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Remaking Boston: An Environmental History of…
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Remaking Boston: An Environmental History of the City and Its Surroundings

by Anthony N. Penna

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This collection of essays grew out of a conference held at the Massachusetts Historical Society in 2006. It opens with an introduction by co-editor Anthony Penna on the vast changes wrought on the Boston landscape since European colonization, and the following essays touch on various aspects of the changed landscape: the shifting shorelines of Boston Harbor and the Shawmut Peninsula; the unmaking of Boston's hills; the importance of the city's parks systems, &c. Other essays examine Boston's past and current weather patterns (the most interesting to me was Lauri Bauer Coleman's ''Rain Down Righteousness': Interpretations of Natural Events in Mid-Eighteenth-Century Boston.'

Specialized, but perhaps of interest to fans of environmental and/or Boston history. ( )
  JBD1 | Mar 27, 2010 |
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Amazon.com Product Description (ISBN 0822943816, Hardcover)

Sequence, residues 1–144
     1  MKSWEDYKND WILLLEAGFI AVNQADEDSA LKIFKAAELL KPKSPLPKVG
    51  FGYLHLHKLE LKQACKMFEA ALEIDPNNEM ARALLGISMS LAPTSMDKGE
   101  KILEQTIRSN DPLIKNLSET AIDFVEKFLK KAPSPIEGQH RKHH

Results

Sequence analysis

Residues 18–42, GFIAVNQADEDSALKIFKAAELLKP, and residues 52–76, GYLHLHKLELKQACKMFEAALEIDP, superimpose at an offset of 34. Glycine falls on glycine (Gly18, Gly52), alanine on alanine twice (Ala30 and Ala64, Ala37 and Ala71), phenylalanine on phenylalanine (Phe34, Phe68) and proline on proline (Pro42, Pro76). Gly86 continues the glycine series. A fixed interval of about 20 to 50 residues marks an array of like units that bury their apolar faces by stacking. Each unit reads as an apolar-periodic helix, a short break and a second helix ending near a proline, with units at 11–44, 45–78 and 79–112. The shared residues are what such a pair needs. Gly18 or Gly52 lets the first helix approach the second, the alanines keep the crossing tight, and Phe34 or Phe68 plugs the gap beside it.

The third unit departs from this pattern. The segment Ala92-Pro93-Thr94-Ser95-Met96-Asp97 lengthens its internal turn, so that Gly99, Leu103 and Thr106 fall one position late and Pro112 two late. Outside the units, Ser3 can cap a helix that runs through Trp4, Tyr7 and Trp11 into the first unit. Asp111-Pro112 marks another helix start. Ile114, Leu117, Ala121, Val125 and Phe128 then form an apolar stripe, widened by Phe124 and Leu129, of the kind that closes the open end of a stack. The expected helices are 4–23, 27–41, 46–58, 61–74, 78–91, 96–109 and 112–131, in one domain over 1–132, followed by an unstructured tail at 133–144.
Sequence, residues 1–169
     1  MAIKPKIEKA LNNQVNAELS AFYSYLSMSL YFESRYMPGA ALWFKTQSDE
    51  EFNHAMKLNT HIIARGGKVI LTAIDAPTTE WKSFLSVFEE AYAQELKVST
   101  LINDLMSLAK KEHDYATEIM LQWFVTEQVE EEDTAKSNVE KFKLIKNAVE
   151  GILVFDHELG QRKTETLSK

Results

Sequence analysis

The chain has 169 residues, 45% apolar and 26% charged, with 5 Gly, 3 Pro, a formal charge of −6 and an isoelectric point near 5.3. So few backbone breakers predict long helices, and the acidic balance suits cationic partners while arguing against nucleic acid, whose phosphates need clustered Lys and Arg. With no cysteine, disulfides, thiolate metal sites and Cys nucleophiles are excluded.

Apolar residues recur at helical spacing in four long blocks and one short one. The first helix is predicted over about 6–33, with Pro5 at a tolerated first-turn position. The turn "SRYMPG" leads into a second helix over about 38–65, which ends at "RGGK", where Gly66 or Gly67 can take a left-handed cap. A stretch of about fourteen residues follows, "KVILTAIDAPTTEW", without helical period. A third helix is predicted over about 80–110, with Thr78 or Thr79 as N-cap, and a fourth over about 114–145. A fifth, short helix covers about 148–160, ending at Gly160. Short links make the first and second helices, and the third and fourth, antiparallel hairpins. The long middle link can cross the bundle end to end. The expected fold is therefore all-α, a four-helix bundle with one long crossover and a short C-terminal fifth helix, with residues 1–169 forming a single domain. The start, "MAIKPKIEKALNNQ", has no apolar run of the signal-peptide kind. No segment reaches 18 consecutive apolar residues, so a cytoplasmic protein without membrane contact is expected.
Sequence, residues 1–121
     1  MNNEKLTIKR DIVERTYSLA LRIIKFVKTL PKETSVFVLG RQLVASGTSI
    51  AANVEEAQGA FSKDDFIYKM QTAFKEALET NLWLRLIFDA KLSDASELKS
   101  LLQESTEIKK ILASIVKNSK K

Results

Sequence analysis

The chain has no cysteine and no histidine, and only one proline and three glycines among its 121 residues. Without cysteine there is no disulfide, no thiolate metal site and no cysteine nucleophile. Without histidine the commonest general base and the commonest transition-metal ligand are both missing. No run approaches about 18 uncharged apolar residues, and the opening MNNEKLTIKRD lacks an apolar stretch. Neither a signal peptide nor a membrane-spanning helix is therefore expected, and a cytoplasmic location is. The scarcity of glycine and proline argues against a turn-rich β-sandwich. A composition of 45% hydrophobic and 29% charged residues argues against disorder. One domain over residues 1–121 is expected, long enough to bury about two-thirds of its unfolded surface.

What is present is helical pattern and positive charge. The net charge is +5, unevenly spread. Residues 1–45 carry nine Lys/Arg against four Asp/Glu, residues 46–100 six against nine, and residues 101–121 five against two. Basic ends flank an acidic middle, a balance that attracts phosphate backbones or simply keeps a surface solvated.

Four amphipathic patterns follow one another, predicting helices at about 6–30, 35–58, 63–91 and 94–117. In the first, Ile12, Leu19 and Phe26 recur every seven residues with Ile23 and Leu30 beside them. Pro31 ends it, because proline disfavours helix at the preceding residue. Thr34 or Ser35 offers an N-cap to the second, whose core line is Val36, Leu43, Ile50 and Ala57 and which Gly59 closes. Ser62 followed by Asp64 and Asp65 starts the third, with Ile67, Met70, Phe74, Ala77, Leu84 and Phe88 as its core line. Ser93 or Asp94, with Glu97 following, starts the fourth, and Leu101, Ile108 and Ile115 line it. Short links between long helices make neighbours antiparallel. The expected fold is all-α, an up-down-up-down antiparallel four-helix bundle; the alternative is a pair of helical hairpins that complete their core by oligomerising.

Since its settlement in 1630, Boston, its harbor, and outlying regions have witnessed a monumental transformation at the hands of humans and by nature. Remaking Boston chronicles many of the events that altered the physical landscape of Boston, while also offering multidisciplinary perspectives on the environmental history of one of America's oldest and largest metropolitan areas.

Situated on an isthmus, and blessed with a natural deepwater harbor and ocean access, Boston became an important early trade hub with Europe and the world. As its population and economy grew, developers extended the city's shoreline into the surrounding tidal mudflats to create more useable land. Further expansion of the city was achieved through the annexation of surrounding communities, and the burgeoning population and economy spread to outlying areas. The interconnection of city and suburb opened the floodgates to increased commerce, services and workforces, while also leaving a wake of roads, rails, bridges, buildings, deforestation, and pollution.

Profiling this ever-changing environment, the contributors tackle a variety of topics, including: the glacial formation of the region; physical characteristics and composition of the land and harbor; dredging, sea walling, flattening, and landfill operations in the reshaping of the Shawmut Peninsula; the longstanding controversy over the link between landfills and shoaling in shipping channels; population movements between the city and suburbs and their environmental implications; interdependence of the city and its suburbs; preservation and reclamation of the Charles River; suburban deforestation and later reforestation as byproducts of changing land use; the planned outlay of parks and parkways; and historic climate changes and the human and biological adaptations to them.

(retrieved from Amazon Mon, 30 Sep 2013 13:34:13 -0400)

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